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Title: CyberMAGICS: Cyber Training on Materials Genome Innovation for Computational Software for Future Engineers
Computing landscape is evolving rapidly. Exascale computers have arrived, which can perform 10^18 mathematical operations per second. At the same time, quantum supremacy has been demonstrated, where quantum computers have outperformed these fastest supercomputers for certain problems. Meanwhile, artificial intelligence (AI) is transforming every aspect of science and engineering. A highly anticipated application of the emerging nexus of exascale computing, quantum computing and AI is computational design of new materials with desired functionalities, which has been the elusive goal of the federal materials genome initiative. The rapid change in computing landscape resulting from these developments has not been matched by pedagogical developments needed to train the next generation of materials engineering cyberworkforce. This gap in curricula across colleges and universities offers a unique opportunity to create educational tools, enabling a decentralized training of cyberworkforce. To achieve this, we have developed training modules for a new generation of quantum materials simulator, named AIQ-XMaS (AI and quantum-computing enabled exascale materials simulator), which integrates exascalable quantum, reactive and neural-network molecular dynamics simulations with unique AI and quantum-computing capabilities to study a wide range of materials and devices of high societal impact such as optoelectronics and health. As a singleentry access point to these training modules, we have also built a CyberMAGICS (cyber training on materials genome innovation for computational software) portal, which includes step-by-step instructions in Jupyter notebooks and associated tutorials, while providing online cloud service for those who do not have access to adequate computing platform. The modules are incorporated into our open-source AIQ-XMaS software suite as tutorial examples and are piloted in classroom and workshop settings to directly train many users at the University of Southern California (USC) and Howard University—one of the largest historically black colleges and universities (HBCUs), with a strong focus on underrepresented groups. In this paper, we summarize these educational developments, including findings from the first CyberMAGICS Workshop for Underrepresented Groups, along with an introduction to the AIQ-XMaS software suite. Our training modules also include a new generation of open programming languages for exascale computing (e.g., OpenMP target) and quantum computing (e.g., Qiskit) used in our scalable simulation and AI engines that underlie AIQ-XMaS. Our training modules essentially support unique dual-degree opportunities at USC in the emerging exa-quantum-AI era: Ph.D. in science or engineering, concurrently with MS in computer science specialized in high-performance computing and simulations, MS in quantum information science or MS in materials engineering with machine learning. The developed modular cyber-training pedagogy is applicable to broad engineering education at large.  more » « less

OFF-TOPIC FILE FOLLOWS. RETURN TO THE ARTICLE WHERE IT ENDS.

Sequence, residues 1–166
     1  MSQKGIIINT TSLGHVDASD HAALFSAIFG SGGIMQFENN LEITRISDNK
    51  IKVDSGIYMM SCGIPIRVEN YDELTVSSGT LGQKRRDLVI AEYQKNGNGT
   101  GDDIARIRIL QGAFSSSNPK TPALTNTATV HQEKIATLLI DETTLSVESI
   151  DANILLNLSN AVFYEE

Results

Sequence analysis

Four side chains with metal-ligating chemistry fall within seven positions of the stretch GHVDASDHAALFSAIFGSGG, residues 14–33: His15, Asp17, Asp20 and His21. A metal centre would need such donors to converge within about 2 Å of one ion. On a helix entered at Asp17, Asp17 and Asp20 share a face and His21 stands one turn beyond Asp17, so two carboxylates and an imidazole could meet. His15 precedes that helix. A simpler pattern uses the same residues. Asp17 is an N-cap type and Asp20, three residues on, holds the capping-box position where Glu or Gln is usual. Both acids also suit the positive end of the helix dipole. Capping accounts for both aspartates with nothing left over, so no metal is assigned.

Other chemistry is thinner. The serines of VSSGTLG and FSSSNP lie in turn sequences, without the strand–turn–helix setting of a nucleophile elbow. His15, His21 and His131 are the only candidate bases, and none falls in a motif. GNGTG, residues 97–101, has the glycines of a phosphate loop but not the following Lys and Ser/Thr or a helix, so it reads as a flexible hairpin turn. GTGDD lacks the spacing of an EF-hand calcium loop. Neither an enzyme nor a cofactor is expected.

Award ID(s):
2118099
NSF-PAR ID:
10432270
Author(s) / Creator(s):
; ; ; ;
Date Published:
Journal Name:
American Society for Engineering Education Conference
Format(s):
Medium: X
Sponsoring Org:
National Science Foundation
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